When people say that statistics don’t lie, you have to take it with a pinch of salt. There is a popular joke that claims that 87% of statistics are made up, after all. I made that number up. See how that works? Assuming, however, that the people who gather the statistics aren’t morally devoid human beings or frustrated high school students who don’t want to interview random people in a city and instead make up their own statistics, stats are pretty straight forward.
Your statistics simply present values about a topic and that is all there is to it. When your statistics say you made three sales of red shirts last month, it is what it is. Because of their nature, stats are a valuable indicator for telling you how things are going. In the context of a business, checking your statistics is essential to surviving. You simply can’t ignore the numbers if you want to keep your business afloat. Unless you can poor thousands of dollars into a failing business because you hope that the statistics which you also paid for, are wrong.
The other side of statistics, however, is a grey area. How the numbers are interpreted and what story the person reading the data is trying to tell. Maybe the person has no ill intentions, but data could be read wrongly or simply misunderstood, colored by the opinions of the person trying to filter the data.
If you don’t want to face the fact that your business is failing, you might rationalize poor sales statistics or figures that indicate that you are performing poorly according to economic models. A good salesman might use stats that don’t really mean much to bolster his claims that you better buy his product, or you are missing out.
In my experience, it can be difficult to look at the facts and figures of your company and explain them in a way that’s unbiased. That’s why business owners might be better off by giving parts of their business to third parties who are unbiased in the sense that it’s their job to interpret the numbers in a way that keeps your business alive, sans the emotions of someone who is too closely involved with the business they are talking about.
On the other hand, interpreting statistics without knowing the full story behind them can be difficult as well. My “inspiration” for this post was how I revisited my statistics earlier today. I am working on some cool projects, but I somehow thought it was a good idea to look at how my other projects were doing.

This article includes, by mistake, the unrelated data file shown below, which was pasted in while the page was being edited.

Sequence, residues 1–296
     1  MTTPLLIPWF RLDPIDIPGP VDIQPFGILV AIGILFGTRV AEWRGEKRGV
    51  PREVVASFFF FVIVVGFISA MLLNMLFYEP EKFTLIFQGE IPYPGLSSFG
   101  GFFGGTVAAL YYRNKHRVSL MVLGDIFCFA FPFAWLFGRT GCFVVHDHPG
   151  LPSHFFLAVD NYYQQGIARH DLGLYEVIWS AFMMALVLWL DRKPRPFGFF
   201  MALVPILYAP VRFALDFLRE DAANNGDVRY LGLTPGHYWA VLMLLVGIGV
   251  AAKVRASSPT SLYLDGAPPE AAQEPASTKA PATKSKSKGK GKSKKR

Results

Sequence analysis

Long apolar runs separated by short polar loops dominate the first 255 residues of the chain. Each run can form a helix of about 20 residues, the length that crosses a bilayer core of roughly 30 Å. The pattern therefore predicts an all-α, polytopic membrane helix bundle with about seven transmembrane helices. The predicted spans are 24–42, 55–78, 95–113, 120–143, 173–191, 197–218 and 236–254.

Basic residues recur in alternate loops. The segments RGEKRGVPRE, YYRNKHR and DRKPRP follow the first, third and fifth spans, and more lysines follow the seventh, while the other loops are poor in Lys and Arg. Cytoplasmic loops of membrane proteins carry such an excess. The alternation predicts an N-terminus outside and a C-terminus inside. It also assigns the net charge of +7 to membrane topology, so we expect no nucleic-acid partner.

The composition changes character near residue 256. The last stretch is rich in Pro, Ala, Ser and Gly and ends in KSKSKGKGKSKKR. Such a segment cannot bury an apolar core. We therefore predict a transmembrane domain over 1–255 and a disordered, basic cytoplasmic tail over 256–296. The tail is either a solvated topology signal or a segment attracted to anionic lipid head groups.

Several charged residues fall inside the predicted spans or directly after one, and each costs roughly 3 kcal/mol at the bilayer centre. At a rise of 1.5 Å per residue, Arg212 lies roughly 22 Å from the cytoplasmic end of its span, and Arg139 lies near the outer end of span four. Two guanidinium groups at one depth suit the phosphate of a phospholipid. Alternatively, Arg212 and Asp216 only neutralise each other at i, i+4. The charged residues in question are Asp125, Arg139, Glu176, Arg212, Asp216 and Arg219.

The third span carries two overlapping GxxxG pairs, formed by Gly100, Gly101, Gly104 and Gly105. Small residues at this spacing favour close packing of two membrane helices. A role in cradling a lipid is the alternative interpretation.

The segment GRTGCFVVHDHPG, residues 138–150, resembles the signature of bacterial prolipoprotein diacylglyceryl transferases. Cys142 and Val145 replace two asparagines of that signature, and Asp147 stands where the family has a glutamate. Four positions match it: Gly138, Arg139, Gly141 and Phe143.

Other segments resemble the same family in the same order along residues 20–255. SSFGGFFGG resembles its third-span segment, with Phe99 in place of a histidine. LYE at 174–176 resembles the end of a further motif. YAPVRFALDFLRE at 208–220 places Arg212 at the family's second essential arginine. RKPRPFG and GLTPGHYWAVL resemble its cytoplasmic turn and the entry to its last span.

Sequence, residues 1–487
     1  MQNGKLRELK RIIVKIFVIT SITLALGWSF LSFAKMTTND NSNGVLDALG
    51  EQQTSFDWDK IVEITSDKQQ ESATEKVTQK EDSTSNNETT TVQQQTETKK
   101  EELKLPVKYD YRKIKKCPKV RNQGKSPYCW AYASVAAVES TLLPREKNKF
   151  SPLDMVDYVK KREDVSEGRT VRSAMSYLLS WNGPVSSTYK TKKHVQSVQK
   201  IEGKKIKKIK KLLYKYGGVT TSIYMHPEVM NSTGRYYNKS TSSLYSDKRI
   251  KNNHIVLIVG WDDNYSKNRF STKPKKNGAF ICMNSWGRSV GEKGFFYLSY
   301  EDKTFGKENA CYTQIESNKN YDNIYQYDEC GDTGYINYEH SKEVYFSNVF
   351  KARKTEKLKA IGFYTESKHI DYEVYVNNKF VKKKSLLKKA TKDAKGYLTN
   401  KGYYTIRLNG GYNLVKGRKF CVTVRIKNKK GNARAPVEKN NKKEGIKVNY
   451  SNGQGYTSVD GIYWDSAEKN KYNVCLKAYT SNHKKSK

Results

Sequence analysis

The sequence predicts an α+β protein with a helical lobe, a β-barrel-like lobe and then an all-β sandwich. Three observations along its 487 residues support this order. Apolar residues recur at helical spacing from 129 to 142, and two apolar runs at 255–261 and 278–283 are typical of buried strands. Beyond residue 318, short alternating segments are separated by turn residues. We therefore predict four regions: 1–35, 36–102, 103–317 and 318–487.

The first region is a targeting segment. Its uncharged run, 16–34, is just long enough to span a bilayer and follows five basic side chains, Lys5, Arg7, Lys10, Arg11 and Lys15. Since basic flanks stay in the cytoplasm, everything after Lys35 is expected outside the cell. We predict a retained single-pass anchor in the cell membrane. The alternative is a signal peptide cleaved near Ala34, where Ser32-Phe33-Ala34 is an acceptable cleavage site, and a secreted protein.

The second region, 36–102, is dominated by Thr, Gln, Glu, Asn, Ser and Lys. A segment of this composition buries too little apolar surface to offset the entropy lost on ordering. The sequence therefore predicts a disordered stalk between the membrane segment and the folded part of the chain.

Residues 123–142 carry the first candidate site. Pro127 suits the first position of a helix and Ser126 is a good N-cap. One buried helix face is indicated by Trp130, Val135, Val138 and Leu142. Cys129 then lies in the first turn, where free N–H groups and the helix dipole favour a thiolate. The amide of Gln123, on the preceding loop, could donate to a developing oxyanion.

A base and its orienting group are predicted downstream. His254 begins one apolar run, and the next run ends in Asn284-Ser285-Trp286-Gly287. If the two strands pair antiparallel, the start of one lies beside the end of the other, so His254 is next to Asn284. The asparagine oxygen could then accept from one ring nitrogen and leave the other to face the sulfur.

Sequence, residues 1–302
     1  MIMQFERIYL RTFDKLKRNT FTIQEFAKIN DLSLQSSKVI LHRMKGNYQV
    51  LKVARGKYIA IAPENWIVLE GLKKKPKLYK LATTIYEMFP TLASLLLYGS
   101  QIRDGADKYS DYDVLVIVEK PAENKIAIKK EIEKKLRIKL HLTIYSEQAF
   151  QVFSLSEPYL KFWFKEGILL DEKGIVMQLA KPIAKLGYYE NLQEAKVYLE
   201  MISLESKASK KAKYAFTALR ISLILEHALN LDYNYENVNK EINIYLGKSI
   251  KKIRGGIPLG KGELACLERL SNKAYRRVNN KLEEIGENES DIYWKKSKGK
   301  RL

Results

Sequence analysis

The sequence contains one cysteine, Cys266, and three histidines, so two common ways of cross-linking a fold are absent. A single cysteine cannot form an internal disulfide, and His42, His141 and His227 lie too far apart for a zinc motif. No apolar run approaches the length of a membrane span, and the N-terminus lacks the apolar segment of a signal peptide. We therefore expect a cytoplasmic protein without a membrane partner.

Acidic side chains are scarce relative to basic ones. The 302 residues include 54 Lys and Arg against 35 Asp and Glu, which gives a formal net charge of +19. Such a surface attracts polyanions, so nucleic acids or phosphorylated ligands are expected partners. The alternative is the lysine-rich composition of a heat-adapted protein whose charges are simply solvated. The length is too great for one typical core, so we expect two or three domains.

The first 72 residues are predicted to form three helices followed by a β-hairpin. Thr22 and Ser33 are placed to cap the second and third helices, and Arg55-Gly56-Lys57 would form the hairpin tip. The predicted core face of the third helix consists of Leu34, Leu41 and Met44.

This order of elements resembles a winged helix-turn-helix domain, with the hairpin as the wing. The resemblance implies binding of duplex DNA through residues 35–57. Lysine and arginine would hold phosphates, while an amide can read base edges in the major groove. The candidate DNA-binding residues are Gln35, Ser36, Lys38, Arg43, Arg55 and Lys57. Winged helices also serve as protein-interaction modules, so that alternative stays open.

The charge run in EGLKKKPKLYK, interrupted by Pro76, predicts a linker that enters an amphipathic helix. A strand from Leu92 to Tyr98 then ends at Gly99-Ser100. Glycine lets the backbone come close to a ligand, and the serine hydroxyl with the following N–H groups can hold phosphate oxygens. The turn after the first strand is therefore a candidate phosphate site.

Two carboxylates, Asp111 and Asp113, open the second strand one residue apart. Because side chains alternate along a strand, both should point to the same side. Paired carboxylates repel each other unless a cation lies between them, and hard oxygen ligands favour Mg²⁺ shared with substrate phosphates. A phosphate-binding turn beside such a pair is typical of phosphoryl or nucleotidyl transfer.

None of them was doing well and I nearly used these statistics to convince myself that I shouldn’t bother with my new projects. But I wasn’t looking at the full picture. Yes, I was looking at the numbers, but I was intentionally misleading myself. I knew the story behind those statistics. I knew that all of those projects had stagnated because I’d given up on them so they were incomplete. The stats appeared to prove that the projects had failed, but I’d failed the projects by not investing enough time to give them a chance to grow. The statistics didn’t prove that I should never start a similar project again. It might appear that way at first glance, but the full story is that the statistics are a result of a lack of effort, which is what the numbers wouldn’t tell you.
Unless you tried to check out the front page of those websites, of course, in which case it would be painfully obvious. But that’s besides the point.
My point is, statistics are a great tool but you need to be honest when trying to read into them or hire a professional to interpret them for you and your business. When you do, you owe it to your business to listen to what your consultant’s got to say. They might be able to tell you part of the story you were trying to ignore.